Sunday, March 29, 2015

China Part Three: Shanghai

This post is all about dumplings (and a really delicious pork belly;-)). 

Shanghai is a completely different city than Beijing. It’s very westernized, modern & most people speak English...some would say this is a good thing, others not so good. Ryan and I thoroughly enjoyed our experience all the same. Shanghai is known for their dim sum (dumplings), particularly soup dumplings otherwise known as Xiao long bao. As we’re both dim sum lovers, we were psyched to eat up. Everything.

While at The Bund (A lovely, waterfront area in Shanghai with amazing views and fabulous restaurants and hotels. Very swank.), we went for drinks at The Waldorf Astoria. We befriended one of the managers who’s friend worked at nearby Hakkasan. I was familiar with the place as the group has multiple locations, including one in NYC. He made a call and we were able to nail down the best seat in the house with stunning views of Pudong’s Pearl Tower. The environment was trendy, slightly clubby but super fun. The food was very good. The whole experience fantastic. They made us feel like super stars. Ryan still claims they have the best dumplings...ever. For a “fancy” evening out in Shanghai, I would definitely recommend paying a visit. 

Another incredible place was Yang’s Fry Dumplings. Lucky for us, this spot was located just a short walk from our hotel. Yang’s is no frills. A few simple seats. Very cheap and beyond good. Think puffy fried dumplings filled with a flavorful, soupy mix of pork, vegetables and/or shrimp. If you go to one dumpling spot while in Shanghai, go here! They also have a nice menu of soups and noodles. We just stuck with the fried dumplings. Beware: VERY long lines.

We were lucky enough to have time for a day trip to nearby Suzhou. Suzhou is a pretty little town known as “the Venice of the East”. It’s a city on water. We even got to experience a gondola ride! While walking through the town, we found several dumpling tables serving up the craziest dim sum I’ve ever seen. Everything from the traditional three-color to insane animal and flower shapes; roses, pigs, name it! Best of all, each dumpling was about 25 cents. I dig the cheap eats. If you have time for a day trip while in Shanghai, try to fit Suzhou into your schedule.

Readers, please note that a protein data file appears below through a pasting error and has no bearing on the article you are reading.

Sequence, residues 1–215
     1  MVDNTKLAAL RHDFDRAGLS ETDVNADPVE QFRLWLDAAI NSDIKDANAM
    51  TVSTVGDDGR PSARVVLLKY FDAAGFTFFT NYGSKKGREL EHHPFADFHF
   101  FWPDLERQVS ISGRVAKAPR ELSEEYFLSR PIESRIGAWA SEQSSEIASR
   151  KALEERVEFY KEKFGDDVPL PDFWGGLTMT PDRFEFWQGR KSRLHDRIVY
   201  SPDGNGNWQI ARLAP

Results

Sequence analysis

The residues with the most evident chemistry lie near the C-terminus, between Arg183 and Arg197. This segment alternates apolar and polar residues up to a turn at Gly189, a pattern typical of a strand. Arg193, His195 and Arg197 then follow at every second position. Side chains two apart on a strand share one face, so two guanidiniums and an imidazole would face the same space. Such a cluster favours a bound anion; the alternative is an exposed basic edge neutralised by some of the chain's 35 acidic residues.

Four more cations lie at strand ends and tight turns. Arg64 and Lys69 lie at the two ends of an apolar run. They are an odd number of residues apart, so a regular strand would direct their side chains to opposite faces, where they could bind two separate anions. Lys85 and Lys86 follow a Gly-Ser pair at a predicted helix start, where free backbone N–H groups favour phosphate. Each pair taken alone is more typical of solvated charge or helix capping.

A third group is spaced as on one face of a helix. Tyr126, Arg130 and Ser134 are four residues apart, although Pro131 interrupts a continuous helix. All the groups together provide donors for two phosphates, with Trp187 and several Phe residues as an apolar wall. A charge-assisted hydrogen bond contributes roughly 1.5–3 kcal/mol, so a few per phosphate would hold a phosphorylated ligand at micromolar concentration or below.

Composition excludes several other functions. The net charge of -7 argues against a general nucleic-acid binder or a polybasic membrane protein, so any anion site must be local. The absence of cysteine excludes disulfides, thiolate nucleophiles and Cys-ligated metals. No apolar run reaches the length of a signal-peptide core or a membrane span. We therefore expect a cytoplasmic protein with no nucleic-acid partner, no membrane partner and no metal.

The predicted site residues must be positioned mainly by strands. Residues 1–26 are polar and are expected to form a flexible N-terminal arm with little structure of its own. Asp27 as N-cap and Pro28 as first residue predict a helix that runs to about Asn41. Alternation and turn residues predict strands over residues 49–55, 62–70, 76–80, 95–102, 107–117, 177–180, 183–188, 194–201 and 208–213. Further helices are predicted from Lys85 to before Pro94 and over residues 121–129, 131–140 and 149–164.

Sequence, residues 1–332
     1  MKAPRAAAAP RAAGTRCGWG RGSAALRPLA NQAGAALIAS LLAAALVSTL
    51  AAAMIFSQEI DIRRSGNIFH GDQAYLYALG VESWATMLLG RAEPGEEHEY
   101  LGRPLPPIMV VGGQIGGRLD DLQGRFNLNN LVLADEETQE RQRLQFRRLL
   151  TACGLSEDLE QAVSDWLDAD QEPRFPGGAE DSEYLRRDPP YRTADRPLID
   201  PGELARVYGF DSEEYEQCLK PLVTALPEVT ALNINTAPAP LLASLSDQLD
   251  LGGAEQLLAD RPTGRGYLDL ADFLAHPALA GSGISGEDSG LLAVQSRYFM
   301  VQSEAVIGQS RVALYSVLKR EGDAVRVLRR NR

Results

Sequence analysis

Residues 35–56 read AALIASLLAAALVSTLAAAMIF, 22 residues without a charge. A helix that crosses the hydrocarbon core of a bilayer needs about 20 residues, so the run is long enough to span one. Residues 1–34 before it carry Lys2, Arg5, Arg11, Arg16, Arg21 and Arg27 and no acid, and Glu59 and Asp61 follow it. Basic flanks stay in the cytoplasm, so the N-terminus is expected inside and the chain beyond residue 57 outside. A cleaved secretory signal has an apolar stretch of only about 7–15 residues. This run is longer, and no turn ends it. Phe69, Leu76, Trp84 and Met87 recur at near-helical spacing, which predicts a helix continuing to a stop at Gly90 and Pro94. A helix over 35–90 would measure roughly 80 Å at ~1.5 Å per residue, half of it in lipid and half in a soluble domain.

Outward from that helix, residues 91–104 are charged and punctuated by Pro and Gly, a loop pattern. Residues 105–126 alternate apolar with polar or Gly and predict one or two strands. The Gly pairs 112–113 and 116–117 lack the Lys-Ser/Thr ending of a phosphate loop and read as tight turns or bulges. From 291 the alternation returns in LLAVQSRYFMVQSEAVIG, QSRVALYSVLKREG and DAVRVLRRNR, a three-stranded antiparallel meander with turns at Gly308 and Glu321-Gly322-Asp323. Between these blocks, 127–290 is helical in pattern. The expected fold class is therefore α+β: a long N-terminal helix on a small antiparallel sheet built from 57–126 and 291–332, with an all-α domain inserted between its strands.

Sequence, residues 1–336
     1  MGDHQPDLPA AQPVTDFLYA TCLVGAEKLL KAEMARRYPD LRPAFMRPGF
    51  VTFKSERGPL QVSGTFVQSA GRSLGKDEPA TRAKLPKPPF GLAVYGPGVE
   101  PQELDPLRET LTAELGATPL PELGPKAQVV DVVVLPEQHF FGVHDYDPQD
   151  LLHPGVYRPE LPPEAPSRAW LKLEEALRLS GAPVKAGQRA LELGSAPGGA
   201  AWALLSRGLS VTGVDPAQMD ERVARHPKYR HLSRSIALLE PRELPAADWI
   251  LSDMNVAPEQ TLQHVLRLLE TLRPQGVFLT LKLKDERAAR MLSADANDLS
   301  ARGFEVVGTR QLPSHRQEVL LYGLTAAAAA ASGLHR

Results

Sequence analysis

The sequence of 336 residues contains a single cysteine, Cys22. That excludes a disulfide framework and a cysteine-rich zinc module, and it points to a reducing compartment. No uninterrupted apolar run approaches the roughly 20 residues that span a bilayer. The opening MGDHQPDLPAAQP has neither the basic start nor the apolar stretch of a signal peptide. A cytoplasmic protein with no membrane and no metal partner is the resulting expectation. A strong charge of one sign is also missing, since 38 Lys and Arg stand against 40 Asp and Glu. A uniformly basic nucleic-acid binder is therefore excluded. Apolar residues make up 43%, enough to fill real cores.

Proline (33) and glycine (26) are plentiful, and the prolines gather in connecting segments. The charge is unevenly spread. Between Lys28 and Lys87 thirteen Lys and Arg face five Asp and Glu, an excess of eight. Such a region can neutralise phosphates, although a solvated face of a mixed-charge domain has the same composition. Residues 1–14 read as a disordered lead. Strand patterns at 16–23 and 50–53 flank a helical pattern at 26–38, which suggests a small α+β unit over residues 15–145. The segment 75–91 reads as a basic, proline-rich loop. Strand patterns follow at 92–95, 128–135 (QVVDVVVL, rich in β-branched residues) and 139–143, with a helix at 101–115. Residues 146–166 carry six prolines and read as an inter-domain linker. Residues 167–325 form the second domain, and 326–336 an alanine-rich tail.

Our Steamed Dim Sum Platter from Hakkasan
Scallop siew mai, har gau, chive dumpling and roast duck mushroom. Amazing.  

Hakkasan’s Crispy pork belly with wolfberry and mustard sauce. 
If they had this dish at the New York location, we would be there weekly. 

Of course Ryan felt the need to get dessert. The Chocolate Sphere. 

Yang’s Fry Dumplings. Epic. About $2 for an entire order. Four huge, puffy (yet crispy), soup filled pork and/or shrimp dumplings. A must-try. 

Hanging in Old Town. Doesn’t everyone sip soup dumplings with a straw?!

Our dumpling guy in Suzhou. All sorts of different dumplings in many shapes and sizes. 
Check out the little piggy’s & ducky’s!

Chī qǐlái! ("EAT UP!" in Chinese) ;-)

Tuesday, March 24, 2015

China: Beijing Part Two

Beijing Part Two. This post covers the wide span of cuisine types and price ranges dining in Beijing has to offer. First up, Chef Brian McKenna's Courtyard. Located by the Forbidden City, the restaurant is in a perfect location with limited views of the city walls. The reviews I read prior to going raved about how fabulous the views are. We had the best table in the house (thank you Tana!), but the views were just ok...however the food and presentation did live up to the hype. 

Chef McKenna blends Mediterranean and Western influences with subtle Asian flavors. The menu gives the guest a choice of course numbers and then the kitchen does the rest. Very Blue Hill at Stone Barns. We decided on the 5-course prix-fixe, which clocked in at about $100 per person just for the food. The cocktail and wine prices are also on an upscale, Westernized level.

Our dinner was wonderful. Ryan and I dined with my parents so it was a true treat. Even my father was impressed. The whole "pricey, small bites, many courses thing" isn't usually his bag. They started us off with fresh, homemade bread and butter and then continued with 5 innovative, well-plated dishes. Please see images and descriptions below. If in Beijing, I would highly suggest a visit. They only have about 8 tables and no bar so make your reservations in advance and come prepare to spend some $$$.

The Beijing Night Market. Famous for selling yummy street dumplings and noodles as well as all things strange and buggy. The major draw are the fried scorpions...yes, fried scorpions (ekkkkkkkk). Check out the crazy pictures below. Starfish, grubs, seahorses, skinned name it, they have it. We chickened out and didn’t try anything extreme. Instead, we noshed on scrumptious fried dumplings, octopus and pineapple rice. One of my favorite items was a savory veggie pancake. Yummy! My parents weren’t feeling the street food so much so we had to pop into another restaurant afterwards but the Night Market is still a must. Best part? Most items are no more than a dollar or two. 

Beijing, China is well suited for people in the mood for cheap eats OR an elevated dining experience. Enjoy!


Smoked Salmon with Green Apple Crema & crispy, cheese crackers. Loving the presentation...